For the first time the lenders have been tested not only on their ability to withstand economic shocks. They have also been tested on an exploratory scenario that will examine banks’ resilience over seven years of weak global growth, low interest rates and high legal costs and fines for misconduct. It will also look at the viability of their business models.

RBS is facing the added uncertainty of a multimillion pound settlement with the US Department of Justice over the way the bank packaged up and sold mortgage bonds in the run-up to the financial crisis. RBS has said it wanted to reach a settlement for this residential mortgage bond securities (RMBS) scandal. On 23 December last year, the DoJ extracted $12.5bn in settlements from Deutsche Bank and Credit Suisse in relation to this toxic bond mis-selling scandal.

Gary Greenwood, an analyst at Shore Capital, said this so-called conduct risk could lead to a “technical fail” for RBS, which last year had to cut back on risks when it did not meet the hurdle rate.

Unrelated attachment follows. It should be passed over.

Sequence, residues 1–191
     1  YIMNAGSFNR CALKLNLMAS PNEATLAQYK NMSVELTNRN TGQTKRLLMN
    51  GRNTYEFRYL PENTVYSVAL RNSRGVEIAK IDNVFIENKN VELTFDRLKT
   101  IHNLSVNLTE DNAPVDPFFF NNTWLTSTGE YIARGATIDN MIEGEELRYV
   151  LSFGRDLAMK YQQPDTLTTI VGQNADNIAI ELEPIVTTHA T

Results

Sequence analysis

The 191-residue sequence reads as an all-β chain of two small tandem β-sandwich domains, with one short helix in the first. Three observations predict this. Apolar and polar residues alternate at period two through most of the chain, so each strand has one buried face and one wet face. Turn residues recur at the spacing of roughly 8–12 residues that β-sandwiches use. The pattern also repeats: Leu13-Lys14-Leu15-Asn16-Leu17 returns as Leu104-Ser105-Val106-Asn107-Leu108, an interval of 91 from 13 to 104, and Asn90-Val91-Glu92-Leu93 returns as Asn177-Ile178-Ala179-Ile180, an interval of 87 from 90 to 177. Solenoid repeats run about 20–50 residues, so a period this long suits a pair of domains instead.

Analysts at Royal Bank of Canada do not expect RBS to fail and point out Barclays has a higher hurdle rate and in last year’s tests had higher losses on consumer finance than average.

Source: The Guardian

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ASTL members up lending by 39% year-on-year

Association of Short Term Lenders firms (ASTL) increased the value of bridging lending by 38.9% in the third quarter of 2017 compared to the same quarter in 2016.

However lending saw a small fall of 2.7% from the second quarter of this year.

Benson Hersch (pictured), chief executive of the ASTL, said: “The figures from our members show that the bridging finance industry is in excellent shape.

“It shows that the industry has remained resilient despite the threat of Brexit and low growth in the economy.

“The figures also demonstrate that bridging loans remain an excellent alternative where traditional financing is not immediately available for customers.

“The bridging sector therefore continues to provide a vital role in the economy by offering customers access to the capital they need in a responsible and sustainable way.”

The value of their loan books stand at £3.5bn after rising by 27.7% from the end of Q3 2016 to Q3 2017.

Source: Mortgage Introducer